All four of my kids play and compete in sports. Me and my husband felt participating in a sport would be fun for the kids and help them learn new skills and build appreciation about the importance of contributing to a team. We hoped that by them being part of a team, my kids would learn about good sportsmanship - how to win and lose gracefully and how to support each other, no matter the outcome.
For many parents, yelling has become a normal part of our daily routine. But recent studies show that harsh verbal discipline may be as harmful as physical punishment, especially for adolescents. Moreover, when mom and dad yell often, children of all ages are likely to tune out our reprimands and requests. So what is an overwhelmed parent to do? Next time you feel the urge to yell, keep your cool - and maintain a positive connection with your kids - by resorting to one of the following alternatives instead.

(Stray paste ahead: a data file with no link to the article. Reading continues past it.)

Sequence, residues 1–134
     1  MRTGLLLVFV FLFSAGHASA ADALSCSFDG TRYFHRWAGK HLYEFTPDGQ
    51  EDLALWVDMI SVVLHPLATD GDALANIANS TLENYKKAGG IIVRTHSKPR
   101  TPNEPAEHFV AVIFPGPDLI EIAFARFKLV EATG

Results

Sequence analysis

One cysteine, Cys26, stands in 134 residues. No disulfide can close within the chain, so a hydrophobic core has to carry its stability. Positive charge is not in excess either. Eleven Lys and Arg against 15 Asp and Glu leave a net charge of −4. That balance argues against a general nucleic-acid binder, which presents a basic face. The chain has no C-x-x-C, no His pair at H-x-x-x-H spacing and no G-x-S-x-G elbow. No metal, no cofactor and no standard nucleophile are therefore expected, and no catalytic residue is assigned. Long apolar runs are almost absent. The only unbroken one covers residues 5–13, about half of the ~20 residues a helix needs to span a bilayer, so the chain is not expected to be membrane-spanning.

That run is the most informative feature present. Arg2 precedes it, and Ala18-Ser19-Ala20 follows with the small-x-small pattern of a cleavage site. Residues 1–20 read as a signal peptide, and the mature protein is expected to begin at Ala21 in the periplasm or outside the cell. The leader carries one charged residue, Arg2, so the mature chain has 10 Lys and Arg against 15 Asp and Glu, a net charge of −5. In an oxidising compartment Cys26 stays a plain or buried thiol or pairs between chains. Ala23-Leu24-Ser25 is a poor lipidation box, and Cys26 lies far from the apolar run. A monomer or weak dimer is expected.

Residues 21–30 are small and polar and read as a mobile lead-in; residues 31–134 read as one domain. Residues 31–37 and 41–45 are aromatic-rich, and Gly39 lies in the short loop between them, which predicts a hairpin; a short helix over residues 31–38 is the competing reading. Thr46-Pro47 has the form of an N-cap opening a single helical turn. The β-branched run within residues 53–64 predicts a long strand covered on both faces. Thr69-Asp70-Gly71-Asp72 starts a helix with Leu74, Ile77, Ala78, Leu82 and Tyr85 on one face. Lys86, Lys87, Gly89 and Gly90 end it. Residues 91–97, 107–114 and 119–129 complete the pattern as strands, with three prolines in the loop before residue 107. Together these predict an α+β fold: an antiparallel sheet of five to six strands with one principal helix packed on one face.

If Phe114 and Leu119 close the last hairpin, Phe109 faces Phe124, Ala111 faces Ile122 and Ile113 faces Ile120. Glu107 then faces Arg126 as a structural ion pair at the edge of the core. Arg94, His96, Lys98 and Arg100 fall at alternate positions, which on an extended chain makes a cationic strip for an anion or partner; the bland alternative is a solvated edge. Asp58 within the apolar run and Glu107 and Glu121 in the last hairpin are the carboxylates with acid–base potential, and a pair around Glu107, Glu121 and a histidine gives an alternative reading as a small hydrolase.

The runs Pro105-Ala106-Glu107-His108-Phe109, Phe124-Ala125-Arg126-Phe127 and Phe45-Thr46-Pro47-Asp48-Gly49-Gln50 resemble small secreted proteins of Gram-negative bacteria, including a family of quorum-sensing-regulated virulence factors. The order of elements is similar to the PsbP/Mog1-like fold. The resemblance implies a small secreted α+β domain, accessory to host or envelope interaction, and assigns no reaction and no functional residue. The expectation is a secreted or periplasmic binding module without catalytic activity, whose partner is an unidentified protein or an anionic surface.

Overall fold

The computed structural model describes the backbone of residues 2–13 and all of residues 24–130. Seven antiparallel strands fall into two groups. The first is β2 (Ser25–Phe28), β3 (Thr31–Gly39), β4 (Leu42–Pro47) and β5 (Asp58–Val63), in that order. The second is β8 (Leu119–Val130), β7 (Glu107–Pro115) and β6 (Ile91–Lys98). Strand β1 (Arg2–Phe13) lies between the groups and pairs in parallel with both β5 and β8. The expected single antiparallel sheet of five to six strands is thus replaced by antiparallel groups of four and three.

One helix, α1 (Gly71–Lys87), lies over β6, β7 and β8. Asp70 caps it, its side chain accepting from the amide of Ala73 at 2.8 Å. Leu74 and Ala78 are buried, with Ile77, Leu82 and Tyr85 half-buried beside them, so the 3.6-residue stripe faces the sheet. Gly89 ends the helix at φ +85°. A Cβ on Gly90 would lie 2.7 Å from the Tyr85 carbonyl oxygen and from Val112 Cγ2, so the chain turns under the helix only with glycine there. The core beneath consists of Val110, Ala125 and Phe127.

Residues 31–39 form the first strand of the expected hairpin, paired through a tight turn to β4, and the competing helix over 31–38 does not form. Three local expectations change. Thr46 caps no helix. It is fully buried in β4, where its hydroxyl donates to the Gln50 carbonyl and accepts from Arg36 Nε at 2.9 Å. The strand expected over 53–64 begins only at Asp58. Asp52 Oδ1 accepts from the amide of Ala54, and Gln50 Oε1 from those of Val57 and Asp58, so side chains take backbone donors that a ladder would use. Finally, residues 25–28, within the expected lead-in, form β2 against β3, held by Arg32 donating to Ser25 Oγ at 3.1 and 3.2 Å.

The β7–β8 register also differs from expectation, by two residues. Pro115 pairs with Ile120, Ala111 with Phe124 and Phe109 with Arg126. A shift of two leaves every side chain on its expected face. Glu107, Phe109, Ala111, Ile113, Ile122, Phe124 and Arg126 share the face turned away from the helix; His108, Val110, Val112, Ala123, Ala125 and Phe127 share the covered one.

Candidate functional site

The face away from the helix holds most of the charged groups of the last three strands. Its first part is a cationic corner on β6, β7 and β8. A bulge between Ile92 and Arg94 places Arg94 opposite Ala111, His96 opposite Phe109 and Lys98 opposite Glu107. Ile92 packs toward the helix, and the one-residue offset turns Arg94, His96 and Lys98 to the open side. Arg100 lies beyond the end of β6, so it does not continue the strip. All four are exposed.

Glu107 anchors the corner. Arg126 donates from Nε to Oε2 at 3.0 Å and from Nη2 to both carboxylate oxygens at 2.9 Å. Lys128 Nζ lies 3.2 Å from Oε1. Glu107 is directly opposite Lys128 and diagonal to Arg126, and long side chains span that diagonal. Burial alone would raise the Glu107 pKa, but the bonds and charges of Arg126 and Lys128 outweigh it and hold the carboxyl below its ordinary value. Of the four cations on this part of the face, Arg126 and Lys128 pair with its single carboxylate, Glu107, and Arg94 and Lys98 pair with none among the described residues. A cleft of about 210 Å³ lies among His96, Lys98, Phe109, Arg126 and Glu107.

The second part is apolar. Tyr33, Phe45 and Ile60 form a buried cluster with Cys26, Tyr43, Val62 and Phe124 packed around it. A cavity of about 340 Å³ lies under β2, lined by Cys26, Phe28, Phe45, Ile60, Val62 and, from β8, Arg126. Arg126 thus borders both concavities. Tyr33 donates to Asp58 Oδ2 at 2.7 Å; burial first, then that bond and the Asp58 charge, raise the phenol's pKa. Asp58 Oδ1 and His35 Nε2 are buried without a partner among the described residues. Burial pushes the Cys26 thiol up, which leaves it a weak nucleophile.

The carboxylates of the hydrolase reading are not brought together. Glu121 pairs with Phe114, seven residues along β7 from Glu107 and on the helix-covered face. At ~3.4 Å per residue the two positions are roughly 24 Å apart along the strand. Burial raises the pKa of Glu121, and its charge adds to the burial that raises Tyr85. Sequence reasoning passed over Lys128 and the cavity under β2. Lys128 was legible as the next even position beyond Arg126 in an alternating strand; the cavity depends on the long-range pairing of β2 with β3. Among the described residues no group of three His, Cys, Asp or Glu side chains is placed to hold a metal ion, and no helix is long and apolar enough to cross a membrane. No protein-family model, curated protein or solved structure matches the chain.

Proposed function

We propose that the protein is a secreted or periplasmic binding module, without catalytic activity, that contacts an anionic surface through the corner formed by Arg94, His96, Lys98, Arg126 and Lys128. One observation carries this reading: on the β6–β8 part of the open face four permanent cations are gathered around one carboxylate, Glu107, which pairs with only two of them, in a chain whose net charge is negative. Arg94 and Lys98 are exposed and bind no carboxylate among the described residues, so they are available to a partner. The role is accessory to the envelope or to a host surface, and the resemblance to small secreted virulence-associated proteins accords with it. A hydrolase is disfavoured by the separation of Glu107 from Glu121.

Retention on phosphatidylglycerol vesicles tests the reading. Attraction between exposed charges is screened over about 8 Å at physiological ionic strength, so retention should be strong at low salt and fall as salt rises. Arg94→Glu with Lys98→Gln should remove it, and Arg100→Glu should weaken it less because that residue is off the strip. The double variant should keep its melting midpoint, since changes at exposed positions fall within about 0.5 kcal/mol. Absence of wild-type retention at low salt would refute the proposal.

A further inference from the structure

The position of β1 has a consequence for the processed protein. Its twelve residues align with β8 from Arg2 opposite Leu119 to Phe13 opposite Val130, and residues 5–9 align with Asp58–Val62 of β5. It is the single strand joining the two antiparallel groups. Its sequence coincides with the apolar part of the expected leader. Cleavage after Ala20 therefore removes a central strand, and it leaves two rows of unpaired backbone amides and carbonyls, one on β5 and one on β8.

Imagine a little girl, not even two years old, walking up to you in a hall at the Children’s Hospital, hand in hand with a police officer. She has red eyes. Her hair is tangled and uneven. She has a goose egg on her head, and marks around her legs. The smiley face earrings you spot in her ears make her innocence shine through in this terrible moment.
It was a beautiful summer day. My daughter Chelsea was 10 and after a week of hectic activity, we were finally ready for summer camp. I read out the items from the camp list: “Shorts? Check. T-shirts? Check. Rain gear? Check.” Everything she needed was stacked on her bed. Each piece of clothing now bore a label with her name. All of her clothing for camp was clean and folded. All Chelsea had to do now was put it in her duffel bag laid out exactly for that purpose.
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